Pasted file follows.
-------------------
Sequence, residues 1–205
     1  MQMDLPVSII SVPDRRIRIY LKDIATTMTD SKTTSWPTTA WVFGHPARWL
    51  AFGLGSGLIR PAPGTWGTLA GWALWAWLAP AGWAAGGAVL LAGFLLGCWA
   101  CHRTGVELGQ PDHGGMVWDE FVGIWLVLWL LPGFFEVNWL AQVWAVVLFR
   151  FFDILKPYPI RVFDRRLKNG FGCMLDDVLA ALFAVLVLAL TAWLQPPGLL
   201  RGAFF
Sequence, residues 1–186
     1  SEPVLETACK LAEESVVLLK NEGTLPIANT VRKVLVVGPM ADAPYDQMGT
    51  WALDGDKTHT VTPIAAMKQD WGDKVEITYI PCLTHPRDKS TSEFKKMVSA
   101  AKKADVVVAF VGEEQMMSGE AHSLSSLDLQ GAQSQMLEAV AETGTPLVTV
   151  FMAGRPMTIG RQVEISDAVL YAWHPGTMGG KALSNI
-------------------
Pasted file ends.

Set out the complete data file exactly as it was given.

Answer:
Sequence, residues 1–205
     1  MQMDLPVSII SVPDRRIRIY LKDIATTMTD SKTTSWPTTA WVFGHPARWL
    51  AFGLGSGLIR PAPGTWGTLA GWALWAWLAP AGWAAGGAVL LAGFLLGCWA
   101  CHRTGVELGQ PDHGGMVWDE FVGIWLVLWL LPGFFEVNWL AQVWAVVLFR
   151  FFDILKPYPI RVFDRRLKNG FGCMLDDVLA ALFAVLVLAL TAWLQPPGLL
   201  RGAFF
Sequence, residues 1–186
     1  SEPVLETACK LAEESVVLLK NEGTLPIANT VRKVLVVGPM ADAPYDQMGT
    51  WALDGDKTHT VTPIAAMKQD WGDKVEITYI PCLTHPRDKS TSEFKKMVSA
   101  AKKADVVVAF VGEEQMMSGE AHSLSSLDLQ GAQSQMLEAV AETGTPLVTV
   151  FMAGRPMTIG RQVEISDAVL YAWHPGTMGG KALSNI